Unreal Engine is without a doubt one of the best choices when it comes to developing your dream game. But what if you want to make a Strategy game or a Tycoon? After all, most of the games you see created in UE4 are First-Person-Shooters, RPGs or Action games. Don’t get me wrong, Unreal Engine is great for those types of games, but let’s explore our itch to make the next Zoo Tycoon.

What do we need for a Strategy / Tycoon game?

There’s a list of things that we need from the engine to be able to handle without a problem:

  • Camera movement
  • Building system
  • AI
  • Performance
  • Networking

Of course, there are many other features the Strategy game needs, but in terms of developing one, these are probably top questions you would ask.

I want to float around! – Camera Movement

Camera movement and controls are essential for Strategy games (as for any other game, duh!). With Unreal Engine you’ll have to get your hands dirty, as there’s currently (December 2019) no template provided by Epic, that would give you the exact same movement you know from the latest Strategy games. Luckily there are many online tutorials to choose from. I personally followed RTS Tutorial by 3 Prong Gaming for about 14 episodes, before our games went into slightly different directions.

So to answer your question – Can I make my camera move with WASD, move when I hit the edge of the screen, drag move, pan, tilt, and zoom?
Yes! Absolutely!

Let me build something already!

It would be a pretty boring Strategy game if you couldn’t build anything. Of course, there are exceptions, and some Strategy / Tycoon genres don’t require you to specifically build something yourself. In our case, there’s one “Unfortunately” and one “Fortunately”.

Unfortunately .. you can’t place your building by just adding one blueprint node or one line of code.
But!
Fortunately .. it doesn’t take that much effort.

You’ll just have to get your mouse position in world space and then spawn a new Actor at that location. Easy Peasy. Again, I recommend the tutorial that I followed in the beginnings of Mall Craze’s development.

I’ve added 10 NPCs and my FPS is lower than my GPA score!

Well, not if you’re using Unreal Engine. Let me show you a real-world example. In Mall Craze, in order for your mall to not feel like a dead town, you need roughly 100 – 500 customers, depending on the size of the mall. I’m not gonna say that I was able to achieve these numbers right away. With the default settings, I was able to have 200 characters on the screen, before the frame rate was unacceptable. (Humble Brag Alert!) But I’m happy to announce, that with a little bit of optimization and turning off unnecessary features, Mall Craze now supports 450 thinking, fully independent AI characters, and the frame-rate stays at 60 FPS. All that with 7 years old AMD FX-8350. (another question answered – you don’t need the cutting edge hardware in order to make games).

All it took was disabling unnecessary features of the default Character pawn in Unreal Engine.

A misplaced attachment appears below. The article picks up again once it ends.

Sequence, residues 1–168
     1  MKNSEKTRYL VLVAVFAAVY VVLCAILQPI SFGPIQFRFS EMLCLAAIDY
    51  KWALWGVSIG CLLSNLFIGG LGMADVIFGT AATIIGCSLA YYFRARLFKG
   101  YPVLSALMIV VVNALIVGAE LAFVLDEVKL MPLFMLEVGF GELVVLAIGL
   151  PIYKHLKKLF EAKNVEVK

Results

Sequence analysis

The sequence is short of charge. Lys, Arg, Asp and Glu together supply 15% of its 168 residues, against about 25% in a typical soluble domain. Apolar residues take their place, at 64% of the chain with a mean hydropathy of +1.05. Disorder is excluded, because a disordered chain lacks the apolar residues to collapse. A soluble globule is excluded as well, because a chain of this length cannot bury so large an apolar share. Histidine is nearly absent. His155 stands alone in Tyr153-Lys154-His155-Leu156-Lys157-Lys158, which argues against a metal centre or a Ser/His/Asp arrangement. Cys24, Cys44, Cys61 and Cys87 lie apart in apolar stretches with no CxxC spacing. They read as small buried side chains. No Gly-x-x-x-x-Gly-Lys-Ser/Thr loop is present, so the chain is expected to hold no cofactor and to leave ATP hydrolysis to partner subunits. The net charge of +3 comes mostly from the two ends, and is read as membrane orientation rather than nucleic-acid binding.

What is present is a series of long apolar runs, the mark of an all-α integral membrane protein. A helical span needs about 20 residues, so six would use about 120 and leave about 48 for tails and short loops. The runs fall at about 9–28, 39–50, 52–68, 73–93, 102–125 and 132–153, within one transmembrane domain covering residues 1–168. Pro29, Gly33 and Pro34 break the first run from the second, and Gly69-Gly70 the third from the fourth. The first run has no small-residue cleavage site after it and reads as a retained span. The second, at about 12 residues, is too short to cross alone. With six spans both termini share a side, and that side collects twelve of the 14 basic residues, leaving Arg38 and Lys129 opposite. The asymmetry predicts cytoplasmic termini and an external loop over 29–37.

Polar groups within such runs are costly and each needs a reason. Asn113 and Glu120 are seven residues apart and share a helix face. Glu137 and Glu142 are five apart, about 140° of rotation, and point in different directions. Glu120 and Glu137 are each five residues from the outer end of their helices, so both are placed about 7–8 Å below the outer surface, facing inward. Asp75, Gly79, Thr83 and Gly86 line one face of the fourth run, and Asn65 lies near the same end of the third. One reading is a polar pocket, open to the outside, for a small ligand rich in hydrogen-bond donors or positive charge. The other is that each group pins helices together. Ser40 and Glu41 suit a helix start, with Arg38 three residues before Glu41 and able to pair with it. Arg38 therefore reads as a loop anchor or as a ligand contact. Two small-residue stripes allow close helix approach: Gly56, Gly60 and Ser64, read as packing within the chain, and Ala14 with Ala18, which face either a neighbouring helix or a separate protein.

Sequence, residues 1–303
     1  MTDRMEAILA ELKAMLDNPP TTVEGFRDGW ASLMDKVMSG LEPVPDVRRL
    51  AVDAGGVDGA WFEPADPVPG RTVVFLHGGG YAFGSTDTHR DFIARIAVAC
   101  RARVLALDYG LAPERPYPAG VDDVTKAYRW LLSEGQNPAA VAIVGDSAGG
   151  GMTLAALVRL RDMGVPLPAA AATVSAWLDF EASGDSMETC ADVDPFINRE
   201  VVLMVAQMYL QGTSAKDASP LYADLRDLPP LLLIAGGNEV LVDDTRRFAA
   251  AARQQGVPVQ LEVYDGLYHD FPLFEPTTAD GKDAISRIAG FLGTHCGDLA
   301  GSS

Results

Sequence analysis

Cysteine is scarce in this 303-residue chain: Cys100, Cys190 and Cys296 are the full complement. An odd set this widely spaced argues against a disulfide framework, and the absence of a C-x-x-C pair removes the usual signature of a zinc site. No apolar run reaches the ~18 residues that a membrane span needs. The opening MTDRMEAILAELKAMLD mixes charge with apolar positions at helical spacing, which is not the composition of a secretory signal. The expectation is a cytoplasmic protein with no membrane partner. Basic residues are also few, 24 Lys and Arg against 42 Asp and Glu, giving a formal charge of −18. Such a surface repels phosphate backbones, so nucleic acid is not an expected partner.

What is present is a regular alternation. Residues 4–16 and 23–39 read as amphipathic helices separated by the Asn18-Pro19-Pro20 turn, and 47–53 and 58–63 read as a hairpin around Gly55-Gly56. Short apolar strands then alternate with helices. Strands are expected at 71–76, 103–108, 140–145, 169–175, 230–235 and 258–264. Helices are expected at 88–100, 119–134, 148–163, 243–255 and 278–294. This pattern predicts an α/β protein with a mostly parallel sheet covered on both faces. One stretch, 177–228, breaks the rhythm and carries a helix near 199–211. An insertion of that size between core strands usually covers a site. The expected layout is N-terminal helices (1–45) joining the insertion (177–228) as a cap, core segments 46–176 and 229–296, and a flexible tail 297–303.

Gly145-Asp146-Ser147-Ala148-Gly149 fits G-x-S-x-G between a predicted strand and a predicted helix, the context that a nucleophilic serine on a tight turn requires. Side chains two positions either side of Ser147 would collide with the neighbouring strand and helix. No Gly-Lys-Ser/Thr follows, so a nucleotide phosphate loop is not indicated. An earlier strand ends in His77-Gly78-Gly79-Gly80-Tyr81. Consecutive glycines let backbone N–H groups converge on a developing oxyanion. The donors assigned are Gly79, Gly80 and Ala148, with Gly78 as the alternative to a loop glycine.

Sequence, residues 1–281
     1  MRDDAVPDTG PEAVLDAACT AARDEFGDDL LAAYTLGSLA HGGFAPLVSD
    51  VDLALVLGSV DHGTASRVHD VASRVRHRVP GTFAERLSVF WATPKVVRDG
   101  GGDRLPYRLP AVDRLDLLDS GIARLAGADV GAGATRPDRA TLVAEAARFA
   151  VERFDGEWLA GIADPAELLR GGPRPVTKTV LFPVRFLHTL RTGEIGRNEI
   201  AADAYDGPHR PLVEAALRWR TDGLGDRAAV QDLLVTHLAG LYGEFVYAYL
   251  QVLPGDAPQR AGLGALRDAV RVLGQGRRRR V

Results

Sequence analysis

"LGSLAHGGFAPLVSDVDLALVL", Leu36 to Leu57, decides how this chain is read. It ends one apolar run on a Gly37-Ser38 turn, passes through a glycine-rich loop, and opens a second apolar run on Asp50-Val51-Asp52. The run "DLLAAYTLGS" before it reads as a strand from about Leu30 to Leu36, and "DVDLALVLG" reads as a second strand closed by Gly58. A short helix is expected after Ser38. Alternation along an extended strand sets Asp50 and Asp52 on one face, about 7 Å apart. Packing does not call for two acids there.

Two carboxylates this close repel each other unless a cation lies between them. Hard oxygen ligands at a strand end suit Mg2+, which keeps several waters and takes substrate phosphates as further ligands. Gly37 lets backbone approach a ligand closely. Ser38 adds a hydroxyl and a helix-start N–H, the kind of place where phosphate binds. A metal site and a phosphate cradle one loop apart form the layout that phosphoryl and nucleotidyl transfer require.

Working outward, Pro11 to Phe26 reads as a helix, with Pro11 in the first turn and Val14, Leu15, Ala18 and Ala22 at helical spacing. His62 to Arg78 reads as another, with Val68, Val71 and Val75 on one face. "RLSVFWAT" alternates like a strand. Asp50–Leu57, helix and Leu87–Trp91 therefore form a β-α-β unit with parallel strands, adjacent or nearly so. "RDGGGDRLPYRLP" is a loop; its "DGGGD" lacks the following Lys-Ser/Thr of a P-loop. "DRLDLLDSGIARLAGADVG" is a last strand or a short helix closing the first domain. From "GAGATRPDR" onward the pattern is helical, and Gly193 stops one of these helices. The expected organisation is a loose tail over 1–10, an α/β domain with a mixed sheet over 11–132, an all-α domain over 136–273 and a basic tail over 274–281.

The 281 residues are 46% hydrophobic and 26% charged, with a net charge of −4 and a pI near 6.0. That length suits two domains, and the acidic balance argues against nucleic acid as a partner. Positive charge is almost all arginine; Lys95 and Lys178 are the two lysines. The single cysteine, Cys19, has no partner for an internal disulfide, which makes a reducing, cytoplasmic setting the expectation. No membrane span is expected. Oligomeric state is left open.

Continuing on the same idea – Performance?

We dig into the performance a little bit in the previous chapter, but what is the overall power of Unreal Engine in a game, where you don’t really know how much “stuff” your game will have to handle at any particular time? The worst-case scenario of your game is where you’ll need to do your optimization work. Everything less than the worst-case should result in a better performance.

One big plus of Unreal Engine is that you can throw hundreds of thousands of vertices at him and he will just smile at you saying: “Is that all you got?”. We now know that vertex count is not what we should stress about (even though you still shouldn’t build a simple sphere with thousands of vertices). What’s more problematic is out Actor count (i.e. how many objects you have in your scene).

With Mall Craze, this got quickly out of hand when I implemented the pavement. Suddenly you could cover a whole area with pavement objects, which in my particular worst-case scenario could be even 20 000 objects ticking every frame.

My optimization was therefore on the single object level. What went out first was the Tick method. No need for that in this particular example. Basically, every logic that was being run through needed to be decreased in frequency. Other methods involve instancing, mesh combining, etc.

It feels so alone here. Where are my friends? – Networking

“With great internet speeds comes the responsibility to implement multiplayer in your game!”

– or at least the quote was something similar, I don’t remember.
What I do remember, is that I didn’t touch the networking tools in Unreal Engine yet, and I’m not sure if I ever will with my current project. That’s, unfortunately, the reason why I don’t have much to say about multiplayer at this particular moment. All I can do is look at other games and see that they implemented the network code successfully, so why shouldn’t you?

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In conclusion… Yeah, it’s not that bad.

I hope that the article was at least somewhat useful for you and provided some clearance in your question – Is Unreal Engine good for Strategy / Tycoon game?
Even if you feel like UE4 isn’t the right tool for you, there are still other great accessible options for you: Unity, Godot, or Game Maker to name a few (I’m not sure how those stand in terms of RTS genre).

See you next time! Have a great day šŸ™‚